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ThomasHobson

Design Discussion: Perma Death

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Permanent death has been a feature overlooked in games for many years and only really seen in the highest difficulty of a game to challenge veteran players. I have started this topic for people to have a professional discussion about the implementation of perma death in games and when it works, and when it doesn’t work. Please keep this discussion civil and on topic.

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Permanent death has been a feature overlooked in games for many years and only really seen in the highest difficulty of a game to challenge veteran players. I have started this topic for people to have a professional discussion about the implementation of perma death in games and when it works, and when it doesn’t work. Please keep this discussion civil and on topic.




The main reason its "overlooked" is that its not suitable for long story driven games, players don't want to lose all their progress in a game that takes 40+ hours to complete.

It works far better in shorter games that are designed to be played over and over again, death has to be the most common way for a game to end in order for it to work well.

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Which version of "perma death" are you referring to?

Diablo-Harcore/Starwars Galaxies Original Jedi :
In its best and most pure forms it is the perfect example of over idealistic design. It creates tension and a sense of accomplishment in gamers and this can be quite compelling. But it only takes one bad apple to ruin the entire crop. In each game, a character represented a large amount of player commitment and time. In each game, most players eventually became too scared of exploits and griefers to actually have fun anymore. The penalty for a "bad day" far exceeds the benefit of playing with that added tension for most gamers.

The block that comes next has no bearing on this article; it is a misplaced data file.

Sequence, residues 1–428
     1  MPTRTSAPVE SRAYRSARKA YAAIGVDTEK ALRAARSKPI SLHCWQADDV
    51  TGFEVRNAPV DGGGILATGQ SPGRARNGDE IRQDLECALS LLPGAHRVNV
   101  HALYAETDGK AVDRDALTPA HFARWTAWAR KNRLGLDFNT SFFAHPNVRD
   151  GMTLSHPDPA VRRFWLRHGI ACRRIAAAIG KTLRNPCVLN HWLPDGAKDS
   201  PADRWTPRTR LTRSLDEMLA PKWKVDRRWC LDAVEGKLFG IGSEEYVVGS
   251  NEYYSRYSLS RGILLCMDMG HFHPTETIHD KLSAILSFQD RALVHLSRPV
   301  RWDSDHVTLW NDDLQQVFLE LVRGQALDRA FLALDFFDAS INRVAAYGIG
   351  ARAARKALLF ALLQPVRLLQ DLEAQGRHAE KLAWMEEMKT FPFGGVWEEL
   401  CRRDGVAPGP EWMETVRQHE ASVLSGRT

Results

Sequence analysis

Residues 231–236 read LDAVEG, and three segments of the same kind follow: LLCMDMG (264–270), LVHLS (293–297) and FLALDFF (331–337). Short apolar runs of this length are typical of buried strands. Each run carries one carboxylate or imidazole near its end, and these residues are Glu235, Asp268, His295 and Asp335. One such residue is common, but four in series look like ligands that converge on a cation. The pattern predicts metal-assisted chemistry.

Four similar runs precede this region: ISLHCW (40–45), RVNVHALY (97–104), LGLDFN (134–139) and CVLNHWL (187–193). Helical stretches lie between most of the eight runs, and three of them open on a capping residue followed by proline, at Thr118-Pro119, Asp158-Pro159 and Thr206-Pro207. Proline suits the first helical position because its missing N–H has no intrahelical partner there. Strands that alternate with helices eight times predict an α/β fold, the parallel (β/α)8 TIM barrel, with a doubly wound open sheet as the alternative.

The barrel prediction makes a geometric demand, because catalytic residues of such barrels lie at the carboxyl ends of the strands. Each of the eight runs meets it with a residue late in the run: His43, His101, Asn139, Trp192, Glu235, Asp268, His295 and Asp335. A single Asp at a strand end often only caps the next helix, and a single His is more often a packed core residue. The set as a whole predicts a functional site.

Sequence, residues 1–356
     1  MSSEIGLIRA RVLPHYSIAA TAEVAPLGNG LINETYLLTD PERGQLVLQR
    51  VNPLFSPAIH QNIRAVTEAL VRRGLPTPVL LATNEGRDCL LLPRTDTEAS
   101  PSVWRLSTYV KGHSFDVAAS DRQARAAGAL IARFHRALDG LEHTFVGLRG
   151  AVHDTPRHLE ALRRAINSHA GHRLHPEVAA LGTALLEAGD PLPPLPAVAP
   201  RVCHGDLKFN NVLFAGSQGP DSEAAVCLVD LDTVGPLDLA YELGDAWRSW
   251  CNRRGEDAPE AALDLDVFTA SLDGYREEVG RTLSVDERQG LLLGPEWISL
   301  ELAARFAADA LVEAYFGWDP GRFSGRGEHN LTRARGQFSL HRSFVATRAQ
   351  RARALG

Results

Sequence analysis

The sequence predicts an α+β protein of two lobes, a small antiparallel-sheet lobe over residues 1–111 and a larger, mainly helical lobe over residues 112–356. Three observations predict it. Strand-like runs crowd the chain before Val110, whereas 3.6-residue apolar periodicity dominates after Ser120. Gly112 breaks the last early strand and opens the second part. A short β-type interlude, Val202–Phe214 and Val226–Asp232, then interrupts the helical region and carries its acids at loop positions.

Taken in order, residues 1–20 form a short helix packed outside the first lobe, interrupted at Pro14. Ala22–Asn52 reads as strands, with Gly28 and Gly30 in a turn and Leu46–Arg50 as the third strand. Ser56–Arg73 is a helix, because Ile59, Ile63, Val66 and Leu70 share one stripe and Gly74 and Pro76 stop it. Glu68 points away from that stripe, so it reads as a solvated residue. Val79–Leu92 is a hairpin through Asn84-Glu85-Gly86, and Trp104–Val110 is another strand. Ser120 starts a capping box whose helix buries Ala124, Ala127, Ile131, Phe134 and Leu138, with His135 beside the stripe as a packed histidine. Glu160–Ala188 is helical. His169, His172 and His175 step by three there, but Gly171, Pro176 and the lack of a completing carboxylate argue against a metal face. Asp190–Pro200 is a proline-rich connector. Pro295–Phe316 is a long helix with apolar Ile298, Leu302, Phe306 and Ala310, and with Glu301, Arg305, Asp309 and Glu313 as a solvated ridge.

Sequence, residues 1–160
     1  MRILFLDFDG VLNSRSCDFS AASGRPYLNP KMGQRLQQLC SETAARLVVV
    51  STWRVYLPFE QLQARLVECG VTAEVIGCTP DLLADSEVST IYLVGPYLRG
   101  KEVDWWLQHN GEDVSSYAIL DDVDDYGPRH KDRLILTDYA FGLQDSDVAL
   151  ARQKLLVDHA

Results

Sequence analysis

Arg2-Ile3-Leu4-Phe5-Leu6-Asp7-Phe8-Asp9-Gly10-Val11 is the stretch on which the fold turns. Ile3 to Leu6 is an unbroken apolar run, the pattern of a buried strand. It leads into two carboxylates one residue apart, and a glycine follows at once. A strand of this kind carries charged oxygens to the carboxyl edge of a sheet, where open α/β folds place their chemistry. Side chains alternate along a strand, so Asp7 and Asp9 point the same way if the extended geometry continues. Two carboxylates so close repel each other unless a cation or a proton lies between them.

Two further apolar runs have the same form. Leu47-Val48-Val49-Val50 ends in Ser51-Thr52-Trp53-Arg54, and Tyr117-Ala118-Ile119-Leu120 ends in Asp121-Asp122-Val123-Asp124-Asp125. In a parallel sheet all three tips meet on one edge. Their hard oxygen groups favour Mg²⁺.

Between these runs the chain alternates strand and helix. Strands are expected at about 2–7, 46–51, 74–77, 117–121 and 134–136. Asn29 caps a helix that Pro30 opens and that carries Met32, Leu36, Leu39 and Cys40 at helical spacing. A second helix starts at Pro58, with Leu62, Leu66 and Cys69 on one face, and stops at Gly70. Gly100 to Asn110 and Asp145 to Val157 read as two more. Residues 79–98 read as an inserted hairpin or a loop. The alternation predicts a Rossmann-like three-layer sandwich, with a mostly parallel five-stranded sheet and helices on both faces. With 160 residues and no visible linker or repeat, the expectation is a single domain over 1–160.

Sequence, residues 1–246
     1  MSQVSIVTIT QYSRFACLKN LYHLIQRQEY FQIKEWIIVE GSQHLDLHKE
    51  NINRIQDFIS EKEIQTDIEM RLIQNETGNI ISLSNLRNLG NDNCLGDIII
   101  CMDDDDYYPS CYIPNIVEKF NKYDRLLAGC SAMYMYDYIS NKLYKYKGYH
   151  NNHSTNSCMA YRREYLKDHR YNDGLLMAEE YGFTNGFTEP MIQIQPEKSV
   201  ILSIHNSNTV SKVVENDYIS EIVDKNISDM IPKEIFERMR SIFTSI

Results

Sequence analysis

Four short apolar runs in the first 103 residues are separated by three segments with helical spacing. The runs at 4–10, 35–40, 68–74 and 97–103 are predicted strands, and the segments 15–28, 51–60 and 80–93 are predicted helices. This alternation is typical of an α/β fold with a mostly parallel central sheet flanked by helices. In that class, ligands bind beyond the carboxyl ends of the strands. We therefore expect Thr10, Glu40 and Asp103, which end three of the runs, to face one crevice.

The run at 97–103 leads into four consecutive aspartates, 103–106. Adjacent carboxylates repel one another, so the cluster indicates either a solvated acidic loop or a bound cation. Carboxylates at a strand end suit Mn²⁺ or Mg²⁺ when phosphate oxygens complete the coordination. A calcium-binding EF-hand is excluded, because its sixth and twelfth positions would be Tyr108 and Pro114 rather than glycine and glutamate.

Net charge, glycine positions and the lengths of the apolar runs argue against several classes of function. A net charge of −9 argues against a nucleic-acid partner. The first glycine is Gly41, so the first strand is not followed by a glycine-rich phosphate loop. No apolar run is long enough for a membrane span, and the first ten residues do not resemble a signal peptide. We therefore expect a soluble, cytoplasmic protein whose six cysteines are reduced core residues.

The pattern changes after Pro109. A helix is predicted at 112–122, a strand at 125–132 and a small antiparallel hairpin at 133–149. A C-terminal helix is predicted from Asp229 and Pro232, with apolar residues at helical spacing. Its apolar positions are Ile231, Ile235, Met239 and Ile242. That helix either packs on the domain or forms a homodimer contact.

This is why I see it as a very hardcore-only mechanic, very few gamers can weather a loss of that much effort and still say "Meh, it was just a game". Worse yet, if they can scrutinize any part of the loss and determine that it was a failing of the game or its development team, then you have created a PR problem for yourself.

Counter-strike 1-life-per-round :
While its a milder form of "perma death" it is a permanent death that spans the whole gameplay unit (one round). It creates tension and a sense of accomplishment as well; I've never heard so much cheering for a teammate who takes on overwhelming odds and wins. It still penalizes foolish and risky behavior, but the penalty is more fitting of the "crime".

This less hardcore version I find very useful. The main difference, in my mind, is how stiff the penalty is for death.

TL;DR = When perma-death penalties far outweigh the benefits of tension and accomplishment it should be considered "hardcore" or "inaccessible".